A panel of experts who assess current scientific evidence for preventative medications focused on vitamins and other dietary supplements in their recent review. According to the U.S. Preventive Service Task Force (USPSTF), there is unclear evidence when taking nutrients (as vitamins or supplements) to reduce the risk of cardiovascular disease and/or cancer. The report also advises against taking beta-carotene and vitamin E for the prevention of these two conditions due to lack of evidence. Instead, the panel suggests that a well-balanced diet would be more beneficial for the body, helping it to absorb nutrients in their most natural form. What are your thoughts on these recent recommendations? How do you counsel your patients to achieve this well-balanced diet? For more information, click here
Some studies suggest that vitamin B supplements may increase the risk of stroke and heart attack. However, a new review published in the journal Neurology discovered the opposite. Researchers analyzed the findings of 14 clinical trials which compared taking vitamin B supplement or very low-dose vitamin B versus placebo for six or more months. They discovered that vitamin B supplements may reduce the risk of stroke by 7 percent, but did not appear to reduce the severity of strokes or the risk of death from stroke. The researchers also found that folic acid may reduce the beneficial effect of vitamin B. How often do patients ask you about vitamin B supplements? Do you recommend vitamin B for other conditions?
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Vitamin D receptor (VDR) has many functions in the human body and plays roles in bone mineral homeostasis, detoxification, cancer prevention, and hair cycling. A new study published in Molecular Endocrinology also suggests that VDR can acts as a toggle switch in determining whether a fatty cell is going to be a white or a brown one. White fatty cells are responsible for storing energy, while the brown ones are responsible for burning energy. It is still not very clear how exactly this happens. The amount of vitamin intake had no effect on this function of the receptor. Researchers are working on the development of a new obesity medication. The proposed mechanism of action of this drug is to prevent VDR from blocking the development of brown fat without affecting its other function. This exciting discovery might lead to a significant change in obesity treatment. Have you tried recommending vitamin D for weight loss for your patients? What are your typical recommendations?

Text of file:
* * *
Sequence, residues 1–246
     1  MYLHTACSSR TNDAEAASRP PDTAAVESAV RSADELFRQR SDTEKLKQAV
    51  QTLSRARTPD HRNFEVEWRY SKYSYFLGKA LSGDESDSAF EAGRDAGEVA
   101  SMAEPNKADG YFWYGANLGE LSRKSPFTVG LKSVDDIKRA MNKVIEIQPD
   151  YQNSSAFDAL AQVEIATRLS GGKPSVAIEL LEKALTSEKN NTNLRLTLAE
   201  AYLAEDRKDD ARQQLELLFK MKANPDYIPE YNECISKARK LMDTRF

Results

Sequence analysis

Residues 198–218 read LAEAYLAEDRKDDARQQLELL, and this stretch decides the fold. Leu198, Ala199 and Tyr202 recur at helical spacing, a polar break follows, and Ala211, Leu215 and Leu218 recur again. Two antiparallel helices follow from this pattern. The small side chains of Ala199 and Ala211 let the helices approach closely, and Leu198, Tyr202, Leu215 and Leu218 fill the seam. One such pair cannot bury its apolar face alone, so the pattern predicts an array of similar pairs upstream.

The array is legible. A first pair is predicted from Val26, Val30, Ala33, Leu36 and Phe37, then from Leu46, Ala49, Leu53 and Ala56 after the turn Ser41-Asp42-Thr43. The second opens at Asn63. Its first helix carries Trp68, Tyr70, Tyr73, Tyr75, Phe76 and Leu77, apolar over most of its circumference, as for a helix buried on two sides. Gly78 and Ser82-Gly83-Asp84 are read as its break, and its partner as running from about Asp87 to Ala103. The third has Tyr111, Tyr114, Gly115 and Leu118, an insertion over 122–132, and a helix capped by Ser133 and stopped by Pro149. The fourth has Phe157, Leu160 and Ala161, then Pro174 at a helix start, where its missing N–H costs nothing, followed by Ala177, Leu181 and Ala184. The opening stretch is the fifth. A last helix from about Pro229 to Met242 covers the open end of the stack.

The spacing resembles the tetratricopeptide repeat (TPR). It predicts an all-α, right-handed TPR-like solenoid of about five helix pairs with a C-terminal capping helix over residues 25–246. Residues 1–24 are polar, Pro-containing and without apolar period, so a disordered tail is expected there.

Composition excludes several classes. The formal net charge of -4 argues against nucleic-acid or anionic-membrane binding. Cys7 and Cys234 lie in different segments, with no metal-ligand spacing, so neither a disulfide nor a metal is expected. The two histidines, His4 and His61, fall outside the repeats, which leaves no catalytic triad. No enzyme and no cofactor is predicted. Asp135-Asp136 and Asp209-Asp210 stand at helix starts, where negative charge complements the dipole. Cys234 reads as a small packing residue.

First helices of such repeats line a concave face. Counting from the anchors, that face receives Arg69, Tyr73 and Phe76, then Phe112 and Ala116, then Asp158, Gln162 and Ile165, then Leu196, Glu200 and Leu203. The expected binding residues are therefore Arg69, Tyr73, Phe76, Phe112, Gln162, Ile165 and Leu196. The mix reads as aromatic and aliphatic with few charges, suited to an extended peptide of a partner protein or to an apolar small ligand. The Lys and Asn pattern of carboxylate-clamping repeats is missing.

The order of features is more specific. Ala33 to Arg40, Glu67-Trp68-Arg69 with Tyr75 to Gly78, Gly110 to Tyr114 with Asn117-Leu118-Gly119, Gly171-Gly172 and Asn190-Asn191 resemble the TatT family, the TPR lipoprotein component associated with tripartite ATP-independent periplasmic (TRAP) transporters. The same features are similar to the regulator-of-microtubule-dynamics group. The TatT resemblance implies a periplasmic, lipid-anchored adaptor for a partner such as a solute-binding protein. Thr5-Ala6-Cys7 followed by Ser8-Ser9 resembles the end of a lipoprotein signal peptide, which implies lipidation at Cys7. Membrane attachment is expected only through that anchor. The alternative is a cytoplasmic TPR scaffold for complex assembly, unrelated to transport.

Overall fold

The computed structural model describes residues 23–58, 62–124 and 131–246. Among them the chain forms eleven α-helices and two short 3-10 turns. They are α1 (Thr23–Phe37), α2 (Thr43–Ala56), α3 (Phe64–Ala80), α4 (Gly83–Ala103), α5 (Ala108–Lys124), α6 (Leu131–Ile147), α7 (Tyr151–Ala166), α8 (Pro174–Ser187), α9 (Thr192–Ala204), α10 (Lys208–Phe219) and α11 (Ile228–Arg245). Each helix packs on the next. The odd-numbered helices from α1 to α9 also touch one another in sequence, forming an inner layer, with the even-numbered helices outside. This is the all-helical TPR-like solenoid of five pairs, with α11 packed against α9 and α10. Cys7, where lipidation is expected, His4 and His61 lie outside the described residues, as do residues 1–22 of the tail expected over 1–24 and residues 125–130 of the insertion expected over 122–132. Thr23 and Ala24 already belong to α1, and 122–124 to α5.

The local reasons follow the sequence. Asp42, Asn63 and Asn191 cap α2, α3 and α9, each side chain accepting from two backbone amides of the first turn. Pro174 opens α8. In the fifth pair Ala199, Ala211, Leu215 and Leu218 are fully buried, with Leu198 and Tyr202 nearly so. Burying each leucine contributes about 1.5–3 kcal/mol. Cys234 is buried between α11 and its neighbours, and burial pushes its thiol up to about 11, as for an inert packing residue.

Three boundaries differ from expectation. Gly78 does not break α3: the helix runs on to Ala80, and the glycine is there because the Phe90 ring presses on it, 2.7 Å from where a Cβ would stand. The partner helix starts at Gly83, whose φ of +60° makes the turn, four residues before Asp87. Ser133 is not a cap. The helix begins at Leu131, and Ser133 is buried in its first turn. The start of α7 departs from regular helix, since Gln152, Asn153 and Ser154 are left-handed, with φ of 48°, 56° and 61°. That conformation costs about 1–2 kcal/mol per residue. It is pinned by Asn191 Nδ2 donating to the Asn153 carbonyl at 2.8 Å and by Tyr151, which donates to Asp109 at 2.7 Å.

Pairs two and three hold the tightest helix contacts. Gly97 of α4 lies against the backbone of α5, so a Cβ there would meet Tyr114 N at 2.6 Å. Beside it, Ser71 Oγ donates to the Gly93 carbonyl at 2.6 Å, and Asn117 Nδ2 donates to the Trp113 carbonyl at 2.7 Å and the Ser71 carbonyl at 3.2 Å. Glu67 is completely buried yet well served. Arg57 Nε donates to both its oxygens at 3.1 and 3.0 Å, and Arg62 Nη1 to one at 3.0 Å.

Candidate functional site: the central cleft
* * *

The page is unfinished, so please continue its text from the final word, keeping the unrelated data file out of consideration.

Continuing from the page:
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Heat wave may have passed where you live but it is still summertime. Foods that keep you cool during the summertime are: raspberries, red bell peppers, tomatoes, oranges, peaches, and strawberries. Raspberries provide fiber which will lower colon cancer risk as well as provide better overall health. Red bell peppers contain vitamin C in large amounts and they are good source for vitamin A and folate. Tomatoes are great for you as they contain vitamin C and lycopene. Oranges are good source of vitamin C, fiber, potassium and calcium. Peaches are great antioxidants giving protection against disease and also a good source of vitamin C and fiber. Strawberries are a great source of fiber and only contain 50 calories per cup. These are some foods recommended by nutritional experts to keep you cool as well as nourish your body. What foods would you recommend to your patients to beat the heat?
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A study led by the National Institute of Environmental Health Sciences researcher, Donna Baird, suggested that there is a negative association between Vitamin D and risk of uterine fibroids – 1,036 women were evaluated, women who had sufficient level of Vitamin D were about 30 percent less likely to develop fibroids. How often do you counsel women on their vitamin D intake? Do you have favorite brands/products?
For additional information, please go to National Institute of Health